Table 1

Binding scores and amino acid interactions of the docked compounds on the active site of farnesyltransferase (FT)

Compound no.

S Kcal/Mol

Amino acid interactions

H bond length Ao

Interaction with Zn

2

-22.2685

Leu B295, Lys B294

3.37, 2.76

No interaction

3

-37.4155

Lys A164, Arg B202

3.39, 2.53-3.14

CN

4

-25.1368

Lys B234, Tyr B334, LysB358, Arg B202

3.08, 2.75, 3.28, 2.73

SO2

5

-22.9916

Lys B294, Lys A164, Gln A167, Arg B202

3.47, 2.84, 3.00, 3.09

C = O

6

-31.4218

Lys A164, Arg B202

2.49, 3.28

SO2

7

-30.3616

Arg B291, Arg B202

3.19, 2.47-2.96

CN

8

-26.5141

Arg B291, Lys B294

3.55, 2.94

CN

9

-25.5855

Lys B294, Lys A168, His B362

2.58, 2.76, 3.19

CN

10

-27.1374

Ser B99, Ser B367, Arg B291

3.30, 3.05, 2.56

No interaction

11

-23.4085

Trp B102, Lys A168

2.75, 2.80

C = O

12

-28.7413

Lys A164, Ser B99

3.00, 3.25

CN

13

-27.1676

Lys A164, Arg B202

2.48, 2.76

SO2

14

-28.8232

Lys A164, Arg B202

2.81, 2.89-3.25

C = O

15

-32.2519

Tyr B300, Asn A165

3.10, 3.32

CN

16

-38.0536

Arg B202, Arg B291, Lys B294

2.57, 3.01, 3.39

CN

17

-19.9521

Lys B353, Gly B290, Lys B294, Arg B202

2.78, 3.29, 2.67, 3.13

No interaction

18

-23.0290

Leu B295, Lys B294

3.05, 2.61

No interaction

19

-32.9232

Arg B291

3.81

CN

20

-24.4073

Arg B202

2.35

C = O

21

-29.7807

Tyr B300

2.85

C = O

22

-38.6191

Arg B202, Asp B352

2.92, 1.96

C = O, NH

23

-38.8898

Lys A164, Arg B202

2.81, 2.49-2.55

C = O, C = O

24

-45.9317

Lys A164, Arg B202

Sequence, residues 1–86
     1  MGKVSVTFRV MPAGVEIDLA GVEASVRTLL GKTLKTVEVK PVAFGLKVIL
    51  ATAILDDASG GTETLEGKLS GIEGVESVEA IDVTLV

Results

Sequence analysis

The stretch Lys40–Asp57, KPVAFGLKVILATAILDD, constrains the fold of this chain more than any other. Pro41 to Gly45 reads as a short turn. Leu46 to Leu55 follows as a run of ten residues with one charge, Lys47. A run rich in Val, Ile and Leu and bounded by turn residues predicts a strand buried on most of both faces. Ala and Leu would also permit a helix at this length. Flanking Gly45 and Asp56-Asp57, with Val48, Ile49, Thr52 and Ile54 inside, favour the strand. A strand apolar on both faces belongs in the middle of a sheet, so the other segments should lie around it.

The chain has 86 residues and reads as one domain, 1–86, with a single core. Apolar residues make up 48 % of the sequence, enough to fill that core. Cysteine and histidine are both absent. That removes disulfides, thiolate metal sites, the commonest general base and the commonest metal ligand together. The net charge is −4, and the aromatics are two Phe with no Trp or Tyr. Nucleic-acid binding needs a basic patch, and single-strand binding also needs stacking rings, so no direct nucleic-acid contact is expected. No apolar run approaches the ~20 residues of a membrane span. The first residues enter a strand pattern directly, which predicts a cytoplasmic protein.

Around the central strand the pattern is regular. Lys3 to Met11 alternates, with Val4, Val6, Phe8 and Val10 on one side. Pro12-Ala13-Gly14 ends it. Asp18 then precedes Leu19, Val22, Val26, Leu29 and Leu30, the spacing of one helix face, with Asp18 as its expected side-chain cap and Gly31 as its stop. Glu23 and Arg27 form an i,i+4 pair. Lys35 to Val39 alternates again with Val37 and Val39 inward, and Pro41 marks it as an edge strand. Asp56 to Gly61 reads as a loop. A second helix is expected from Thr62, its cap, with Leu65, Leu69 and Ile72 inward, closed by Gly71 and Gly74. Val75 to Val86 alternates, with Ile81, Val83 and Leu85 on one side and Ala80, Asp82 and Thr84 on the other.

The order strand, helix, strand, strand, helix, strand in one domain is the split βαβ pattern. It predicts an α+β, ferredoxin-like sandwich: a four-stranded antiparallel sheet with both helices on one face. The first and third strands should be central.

2.83, 2.46-2.45

C = O, NH

Compound 24 showed the best energy score (S) = −45.9317 Kcal/mol and interacted with Lys A146 with a hydrogen bond of 2.83 Ao, with Arg B202 with two hydrogen bonds of 2.45, 2.46 Ao and with Zn through its C = O and NH (Figure 2).
Figure 2

Compound 24 on the active site of farnesyltransferase.

Molecular docking on the active site of arginine methyltransferase (PRMT1)

The protein data bank file (PDB:3Q7E) was selected for this purpose. The file contains arginine methyltransferase co-crystallized with its ligand (S-adenosyl methionine). All docking procedures were achieved by MOE (Molecular Operating Environment)software 10.2008 provided by chemical computing group, Canada. Docking on the active site of arginine methyltransferase enzyme was performed for all synthesized compounds 2–24.

Docking protocol was verified by redocking of the co-crystallized ligand in the vicinity of the active site of the enzyme with energy score (S) = −18.5932 Kcal/ mol and root mean standard deviation (RMSD) = 0.3523. The ligand interacts with the active site of arginine methyltransferase by five interactions: Val 128 with a hydrogen bond of 3.00 Ao, with Arg 54 with a hydrogen bond of 2.64, with Gly 78 with a hydrogen bond of 1.81 Ao and with Glu 100 with two hydrogen bonds of 181, 186 Ao (Figure 3).
Figure 3

Co-crystallized S-adenosyl methionine ligand on the active site of arginine methyltransferase (PRMT1).

All synthesized compounds were fit to the active site of arginine methyltransferase enzyme with good energy scores (S) except compounds 7, 18 and 19 suggesting good activity as arginine methyltransferase inhibitors for most of the synthesized compounds. Energy scores (S) and amino acid interactions for the synthesized compounds were listed in (Table 2).
Table 2